After-hours maintenance calls (and their high costs) can be avoided with regular maintenance, which can catch small problems before they become big ones.

6. Leave your air conditioner on while it’s too cold outside

An outdoor air conditioner shown outside in the cold snow.

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You might be excited to turn on your AC (after all, it’s a sign it’s summer), but wait until it actually gets hot. Operating the system when it is still slightly cool can stress the device and lead to premature failure.

“I would advise you not to run your air conditioner when it’s below 65°F outside, and most systems are designed for 70°F to 75°F inside (with full summer temperatures outside),” he says. “Operating lower could cause problems on the refrigerant side that lead to compressor problems later.”

7. Frequent starting and stopping of your system

A person shown adjusting the temperature on a thermostat.

Credit: Verified / Whitson Gordon

Rapid switching is bad for the device and can shorten its lifespan. So consider making your air conditioner work as intended by “set it and forget it”. The compressor is like a pump and prefers longer cycles,” says Wood.

8. Run your system when the landscapers are there

A closeup of a person using a blower to collect leaves.

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While the other aspects of your garden get your attention (hello, patios and pools), your air conditioner needs a little outdoor maintenance too.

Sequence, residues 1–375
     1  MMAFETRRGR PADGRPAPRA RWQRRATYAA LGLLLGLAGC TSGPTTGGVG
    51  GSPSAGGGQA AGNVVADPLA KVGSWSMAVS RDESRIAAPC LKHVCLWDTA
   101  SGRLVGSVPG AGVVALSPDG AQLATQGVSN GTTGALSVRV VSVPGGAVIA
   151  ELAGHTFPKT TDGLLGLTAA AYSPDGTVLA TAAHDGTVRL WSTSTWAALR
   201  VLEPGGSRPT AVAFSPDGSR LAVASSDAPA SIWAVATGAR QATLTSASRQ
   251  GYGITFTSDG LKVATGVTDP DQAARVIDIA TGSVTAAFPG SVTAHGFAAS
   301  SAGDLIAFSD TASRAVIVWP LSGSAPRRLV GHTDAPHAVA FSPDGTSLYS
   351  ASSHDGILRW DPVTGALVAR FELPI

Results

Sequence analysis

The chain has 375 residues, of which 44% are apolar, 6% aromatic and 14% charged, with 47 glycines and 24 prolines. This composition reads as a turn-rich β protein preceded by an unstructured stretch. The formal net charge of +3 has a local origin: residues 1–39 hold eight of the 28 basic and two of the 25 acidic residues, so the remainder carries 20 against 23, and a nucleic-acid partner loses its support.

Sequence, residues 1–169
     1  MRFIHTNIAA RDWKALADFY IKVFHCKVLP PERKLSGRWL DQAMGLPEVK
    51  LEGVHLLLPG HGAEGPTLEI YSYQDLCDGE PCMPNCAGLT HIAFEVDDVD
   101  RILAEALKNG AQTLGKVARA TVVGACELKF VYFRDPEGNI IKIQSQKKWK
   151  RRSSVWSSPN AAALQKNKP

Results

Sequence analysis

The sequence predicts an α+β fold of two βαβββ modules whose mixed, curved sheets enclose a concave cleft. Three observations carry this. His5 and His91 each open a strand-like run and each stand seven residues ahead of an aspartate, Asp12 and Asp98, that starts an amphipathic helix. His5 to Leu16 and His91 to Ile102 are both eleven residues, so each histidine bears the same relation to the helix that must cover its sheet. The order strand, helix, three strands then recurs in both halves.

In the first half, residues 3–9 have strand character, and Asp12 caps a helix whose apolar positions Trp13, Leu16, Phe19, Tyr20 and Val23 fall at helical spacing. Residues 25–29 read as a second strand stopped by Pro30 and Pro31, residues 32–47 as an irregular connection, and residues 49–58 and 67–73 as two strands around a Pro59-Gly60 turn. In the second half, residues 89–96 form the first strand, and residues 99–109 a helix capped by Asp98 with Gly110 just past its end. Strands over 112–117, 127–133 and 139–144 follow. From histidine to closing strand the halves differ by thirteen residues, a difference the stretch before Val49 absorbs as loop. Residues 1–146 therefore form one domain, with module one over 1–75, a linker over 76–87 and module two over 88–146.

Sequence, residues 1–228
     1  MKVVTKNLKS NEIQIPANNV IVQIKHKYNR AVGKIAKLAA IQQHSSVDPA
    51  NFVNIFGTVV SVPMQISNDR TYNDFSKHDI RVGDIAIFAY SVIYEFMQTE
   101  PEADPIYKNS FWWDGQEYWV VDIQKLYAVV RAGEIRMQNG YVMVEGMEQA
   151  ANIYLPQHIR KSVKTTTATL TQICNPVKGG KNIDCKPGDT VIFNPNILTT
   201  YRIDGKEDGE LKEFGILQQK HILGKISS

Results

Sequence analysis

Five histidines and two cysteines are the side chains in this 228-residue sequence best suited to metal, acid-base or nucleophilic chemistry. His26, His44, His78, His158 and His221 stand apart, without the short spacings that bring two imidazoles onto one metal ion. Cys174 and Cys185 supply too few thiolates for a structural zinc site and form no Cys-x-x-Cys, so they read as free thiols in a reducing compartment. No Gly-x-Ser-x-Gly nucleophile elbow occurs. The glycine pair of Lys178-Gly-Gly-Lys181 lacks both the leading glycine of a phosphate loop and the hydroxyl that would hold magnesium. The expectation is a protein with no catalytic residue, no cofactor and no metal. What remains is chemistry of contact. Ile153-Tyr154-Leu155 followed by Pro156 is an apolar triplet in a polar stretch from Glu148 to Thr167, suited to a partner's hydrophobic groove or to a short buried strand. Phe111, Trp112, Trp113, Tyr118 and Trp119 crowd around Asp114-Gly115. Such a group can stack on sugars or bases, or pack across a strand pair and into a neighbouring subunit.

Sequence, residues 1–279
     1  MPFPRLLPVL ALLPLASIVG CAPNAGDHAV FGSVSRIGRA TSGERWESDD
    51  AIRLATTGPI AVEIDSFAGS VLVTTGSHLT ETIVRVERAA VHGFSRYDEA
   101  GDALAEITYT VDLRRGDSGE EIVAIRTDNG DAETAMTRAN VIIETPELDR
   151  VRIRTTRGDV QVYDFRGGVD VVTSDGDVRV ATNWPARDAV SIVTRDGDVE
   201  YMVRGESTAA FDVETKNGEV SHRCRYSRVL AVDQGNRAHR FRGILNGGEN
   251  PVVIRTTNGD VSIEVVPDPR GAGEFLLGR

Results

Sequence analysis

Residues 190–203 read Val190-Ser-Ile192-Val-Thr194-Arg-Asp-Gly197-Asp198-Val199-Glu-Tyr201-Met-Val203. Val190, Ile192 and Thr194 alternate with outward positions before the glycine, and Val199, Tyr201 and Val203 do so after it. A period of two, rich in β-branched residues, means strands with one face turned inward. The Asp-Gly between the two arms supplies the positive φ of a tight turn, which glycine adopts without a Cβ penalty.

“Your air conditioner needs to be in a clean environment, so when landscapers come turn it off so it’s not picking up dust and debris,” says Wood.

Equally important for optimal performance is to keep the area clear and ensure it doesn’t sink into surrounding dirt or mulch.

9. Failure to honor a service contract

Two HVAC technicians stand in front of an outdoor air conditioner and look at a report.

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Depending on where you live and how busy it is, failing to maintain a maintenance contract with a professional HVAC contractor can mean the difference between same-day service and being placed at the end of the line.

According to Woods, most service contracts also include maintenance for a double win.

10. Letting the house get too hot

A temperature, humidity and power consumption sensor on a wooden surface.

Credit: Verified / Séamus Bellamy

While it may seem counterintuitive to turn on the air conditioning to save money, waiting until it becomes unbearable can end up costing you even more.

“The old days of turning off devices when you go to work and then turning them back on when you get home aren’t the best use,” explains Wood. “Considering that half the neighborhood uses the same logic, you could find yourself with blown electronics on the hottest days.”

Consider leaving your home at 24°C on the really hot days while you’re away and using a smart thermostat to turn it down a few hours before you arrive.

A Wi-Fi enabled thermostat can also learn your habits and preferences, making cost-saving adjustments to the temperature without you having to worry. That way, “the device doesn’t struggle to hit temperatures right at the peak of afternoon demand,” he says.